10 Quick Facts about Saturn

10 Quick Facts about Saturn

It’s time to put a ring on it

1. What are the stats?

Saturn Cassini

Well, Saturn is a gas giant; it’s the sixth planet from the Sun and the second largest after Jupiter. It is located at a distance of approximately 9.5 AU from the Sun which is almost a billion miles (1.4 billion km). It takes Saturn almost 30 Earth years to make a full orbit around the Sun, although it takes the planet just 10 and a half hours to do a full rotation on its axis. It’s about 74,000 miles (120,000 km) in diameter, but only at the equator. Like many other planets, the spin of the planet actually causes it to bulge so the diameter is larger at the equator than at the poles.

2. Let’s talk rings.

Obviously, the first thing anyone knows about Saturn is its ring system. Although we have already mentioned that Saturn isn’t actually the only planet with rings, these are the most well-known and the most visible. In fact, we spotted them 400 years ago (well, Galileo did). Despite having all that time to study them, we still aren’t sure how they were formed. It’s possible that they come from the natural satellites around Saturn, maybe from comets or asteroids that crashed into them. What we do know is that the rings are mostly made out of ice and rock.

3. Saturn has a lot of moons.

Ice volcanoes spouting water ice on Saturn's moon Enceladus

Ice volcanoes spouting water ice on Saturn’s moon Enceladus

Speaking of natural satellites aka moons, we have discovered 62 moons around Saturn (so far), second only to Jupiter, and countless more moonlets. The biggest one is Titan and it’s quite special: it is the second largest moon in the solar system, it is actually bigger than the planet Mercury and it is also the only moon we know of with a significant atmosphere. You’ll want to check this out and see how eerily similar to Earth Titan looks once you can see through that thick atmosphere.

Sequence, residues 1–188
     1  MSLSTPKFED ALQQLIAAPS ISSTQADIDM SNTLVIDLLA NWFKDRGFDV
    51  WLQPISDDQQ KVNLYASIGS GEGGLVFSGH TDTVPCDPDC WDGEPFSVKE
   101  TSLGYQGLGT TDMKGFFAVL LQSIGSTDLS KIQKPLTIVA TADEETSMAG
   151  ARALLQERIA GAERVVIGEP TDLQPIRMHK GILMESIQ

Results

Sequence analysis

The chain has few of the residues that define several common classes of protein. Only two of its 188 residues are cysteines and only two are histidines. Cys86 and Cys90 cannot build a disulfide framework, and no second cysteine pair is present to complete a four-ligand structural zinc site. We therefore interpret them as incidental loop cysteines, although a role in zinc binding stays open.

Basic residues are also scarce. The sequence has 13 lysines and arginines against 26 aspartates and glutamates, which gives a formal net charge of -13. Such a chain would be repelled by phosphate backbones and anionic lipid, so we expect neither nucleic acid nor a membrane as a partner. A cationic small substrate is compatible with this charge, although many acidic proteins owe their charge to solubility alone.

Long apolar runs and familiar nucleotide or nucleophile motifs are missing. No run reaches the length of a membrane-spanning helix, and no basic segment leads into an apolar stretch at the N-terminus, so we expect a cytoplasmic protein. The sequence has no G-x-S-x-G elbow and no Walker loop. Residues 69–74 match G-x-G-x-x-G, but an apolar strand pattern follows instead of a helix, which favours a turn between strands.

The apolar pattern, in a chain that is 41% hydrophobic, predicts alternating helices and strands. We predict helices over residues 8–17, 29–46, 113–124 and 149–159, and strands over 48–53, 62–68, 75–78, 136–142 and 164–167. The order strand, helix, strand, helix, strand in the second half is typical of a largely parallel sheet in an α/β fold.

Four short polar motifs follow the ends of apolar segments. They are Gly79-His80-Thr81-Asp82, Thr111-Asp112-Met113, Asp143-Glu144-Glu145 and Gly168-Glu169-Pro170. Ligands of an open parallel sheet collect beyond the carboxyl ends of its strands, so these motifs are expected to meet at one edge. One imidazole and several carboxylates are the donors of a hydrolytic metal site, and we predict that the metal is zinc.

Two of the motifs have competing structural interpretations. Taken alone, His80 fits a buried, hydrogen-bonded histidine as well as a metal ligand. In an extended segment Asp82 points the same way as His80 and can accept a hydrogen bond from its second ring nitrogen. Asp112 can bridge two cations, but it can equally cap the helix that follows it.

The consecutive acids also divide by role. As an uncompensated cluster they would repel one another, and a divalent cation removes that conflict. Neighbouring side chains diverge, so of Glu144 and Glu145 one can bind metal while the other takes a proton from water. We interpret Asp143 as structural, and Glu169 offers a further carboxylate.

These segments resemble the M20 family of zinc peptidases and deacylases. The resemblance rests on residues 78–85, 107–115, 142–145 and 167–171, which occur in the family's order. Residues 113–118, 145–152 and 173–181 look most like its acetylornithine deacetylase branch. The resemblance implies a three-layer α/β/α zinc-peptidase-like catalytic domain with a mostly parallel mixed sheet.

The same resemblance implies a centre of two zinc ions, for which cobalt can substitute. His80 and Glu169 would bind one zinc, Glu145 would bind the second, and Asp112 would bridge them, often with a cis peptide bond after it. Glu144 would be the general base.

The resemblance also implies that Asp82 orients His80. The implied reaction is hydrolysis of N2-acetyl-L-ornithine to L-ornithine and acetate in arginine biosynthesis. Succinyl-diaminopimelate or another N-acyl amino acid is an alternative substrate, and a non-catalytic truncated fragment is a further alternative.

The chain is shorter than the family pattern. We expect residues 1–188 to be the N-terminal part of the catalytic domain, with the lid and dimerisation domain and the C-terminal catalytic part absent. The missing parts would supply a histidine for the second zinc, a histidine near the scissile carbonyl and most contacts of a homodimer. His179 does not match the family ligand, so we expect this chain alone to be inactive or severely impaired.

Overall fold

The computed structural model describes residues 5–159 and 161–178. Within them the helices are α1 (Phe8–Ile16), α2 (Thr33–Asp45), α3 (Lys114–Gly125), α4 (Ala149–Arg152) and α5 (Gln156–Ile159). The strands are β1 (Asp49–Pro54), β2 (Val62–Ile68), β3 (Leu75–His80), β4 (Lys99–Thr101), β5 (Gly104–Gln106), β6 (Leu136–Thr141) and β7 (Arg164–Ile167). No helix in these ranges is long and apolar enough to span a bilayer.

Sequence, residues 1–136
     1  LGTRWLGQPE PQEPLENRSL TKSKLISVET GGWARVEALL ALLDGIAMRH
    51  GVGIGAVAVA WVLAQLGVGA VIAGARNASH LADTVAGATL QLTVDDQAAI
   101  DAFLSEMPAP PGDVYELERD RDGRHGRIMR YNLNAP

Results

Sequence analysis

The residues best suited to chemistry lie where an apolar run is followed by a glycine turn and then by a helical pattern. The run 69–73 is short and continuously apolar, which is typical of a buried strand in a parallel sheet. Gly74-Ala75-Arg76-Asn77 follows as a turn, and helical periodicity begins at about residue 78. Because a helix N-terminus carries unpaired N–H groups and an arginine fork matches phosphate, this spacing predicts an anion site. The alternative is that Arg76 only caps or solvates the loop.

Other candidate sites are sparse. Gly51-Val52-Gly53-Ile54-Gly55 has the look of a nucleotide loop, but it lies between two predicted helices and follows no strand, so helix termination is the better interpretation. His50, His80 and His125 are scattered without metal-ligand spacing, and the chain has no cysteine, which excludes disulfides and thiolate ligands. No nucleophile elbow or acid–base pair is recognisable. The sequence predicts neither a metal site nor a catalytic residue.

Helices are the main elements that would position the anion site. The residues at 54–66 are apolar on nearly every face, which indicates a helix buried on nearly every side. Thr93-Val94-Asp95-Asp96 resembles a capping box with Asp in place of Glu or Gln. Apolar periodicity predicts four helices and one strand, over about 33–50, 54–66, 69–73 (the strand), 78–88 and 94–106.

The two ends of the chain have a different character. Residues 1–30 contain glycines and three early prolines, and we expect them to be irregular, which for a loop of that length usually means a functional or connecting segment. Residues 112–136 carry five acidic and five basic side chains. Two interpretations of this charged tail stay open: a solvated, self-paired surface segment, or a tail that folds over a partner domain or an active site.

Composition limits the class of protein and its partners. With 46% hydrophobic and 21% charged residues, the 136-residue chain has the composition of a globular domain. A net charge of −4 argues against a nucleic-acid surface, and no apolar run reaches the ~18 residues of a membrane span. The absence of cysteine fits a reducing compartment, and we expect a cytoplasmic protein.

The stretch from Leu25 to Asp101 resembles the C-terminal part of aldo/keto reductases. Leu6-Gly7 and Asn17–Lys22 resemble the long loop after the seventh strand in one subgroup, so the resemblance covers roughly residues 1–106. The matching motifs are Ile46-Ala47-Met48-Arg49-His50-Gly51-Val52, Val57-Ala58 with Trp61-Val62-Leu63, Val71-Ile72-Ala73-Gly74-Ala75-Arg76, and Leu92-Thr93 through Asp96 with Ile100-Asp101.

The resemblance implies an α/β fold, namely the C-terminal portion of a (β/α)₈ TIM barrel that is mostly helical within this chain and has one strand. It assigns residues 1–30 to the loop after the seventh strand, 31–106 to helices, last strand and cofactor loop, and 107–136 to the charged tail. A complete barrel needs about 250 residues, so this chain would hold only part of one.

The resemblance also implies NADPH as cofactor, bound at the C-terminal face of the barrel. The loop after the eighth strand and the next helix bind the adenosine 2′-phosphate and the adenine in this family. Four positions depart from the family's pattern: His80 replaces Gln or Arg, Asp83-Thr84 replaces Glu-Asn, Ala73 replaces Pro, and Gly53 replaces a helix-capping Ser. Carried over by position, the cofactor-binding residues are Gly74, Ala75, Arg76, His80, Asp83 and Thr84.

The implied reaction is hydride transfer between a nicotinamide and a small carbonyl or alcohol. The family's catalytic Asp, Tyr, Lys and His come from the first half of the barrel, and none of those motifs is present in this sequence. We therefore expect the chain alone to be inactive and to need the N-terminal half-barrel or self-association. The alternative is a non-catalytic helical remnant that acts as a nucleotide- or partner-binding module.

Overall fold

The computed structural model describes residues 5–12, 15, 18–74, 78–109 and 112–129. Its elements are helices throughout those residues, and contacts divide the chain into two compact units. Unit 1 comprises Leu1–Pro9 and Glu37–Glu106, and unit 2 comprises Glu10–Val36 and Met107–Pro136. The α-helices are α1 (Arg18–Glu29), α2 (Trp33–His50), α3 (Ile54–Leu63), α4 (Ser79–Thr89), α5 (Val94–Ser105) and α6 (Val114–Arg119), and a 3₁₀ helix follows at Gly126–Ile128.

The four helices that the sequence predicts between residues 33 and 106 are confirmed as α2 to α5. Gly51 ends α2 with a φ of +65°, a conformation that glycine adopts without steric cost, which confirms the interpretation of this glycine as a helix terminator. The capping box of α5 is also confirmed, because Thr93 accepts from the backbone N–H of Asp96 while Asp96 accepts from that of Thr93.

4. Those rings won’t last forever.

Scientists generally believe that, at some point, Saturn will lose the rings. The materials used to make them are either going to drift away into space or get sucked into the planet by its gravity. Either way, this won’t happen for millions and millions of years, if it happens at all.

5. Saturn has a giant ring.

Saturn Phoebe ring

Yeah, we’ve already covered rings, but this isn’t one of the rings you are thinking of. Well, it is one of Saturn’s rings, but it is in no way comparable to the other ones. First of all, it was just discovered in 2009 and it is absolutely massive. The image below does a better job to show you just how massive it is, but here are some figures anyway: it starts at around 3.7 million miles (6 million km) away from Saturn and goes on for another 7.4 million miles (12 million km). By volume, the ring is the equivalent of 1,000,000,000 Earths.

The ring is normally referred to as the Phoebe ring because there is a distant moon of Saturn named Phoebe which orbits the planet in that area. It is believed that the satellite is the source for the material used to make the ring. By material we mean very tiny particles of ice and dust that are dispersed widely. This is also the main reason why it took us so long to find something so massive. The ring is almost invisible to the naked eye. You could be travelling through it and not realize it. It only became visible when looked at through infrared.

6. Sometimes they disappear.

Ok, the rings don’t actually go away, but they do disappear from our perspective. This is because, like us, Saturn is spinning on a tilted axis. This means that at certain times we can see the rings in full view, but other times we are looking at them edge on and this makes them almost invisible.

7. It has a string of pearls.

Saturn pearls

Well, not really, but that is the unofficial name NASA gave to a 37,000 mile (60,000 km) long chain of cloud clearings photographed by Cassini’s infrared mapping spectrometer.

8. Saturn is made out of hydrogen.

This alone is not shocking or particularly interesting, but what is interesting is the state of that hydrogen – a liquid metal. Once you get past the outer layer and the so-called transition zone, the bulk of the planet is supposedly made out of liquid metallic hydrogen, a very unusual phase which is the result of the hot temperature and the giant pressure.

9. It has a giant vortex.

Saturn vortex

Everyone knows about the Great Red Spot on Jupiter but Saturn has something equally interesting – the North Hexagon. Ok, so the name might not be as catchy, but it’s still pretty interesting. It is a giant hexagonal cloud pattern located at Saturn’s North Pole.

10. It has a very low density.

In fact, it is the least dense planet in the solar system and the only one with a density lower than that of liquid water on Earth. This often leads to claims that Saturn would float in water which isn’t really true if you take into consideration all the actual parameters.


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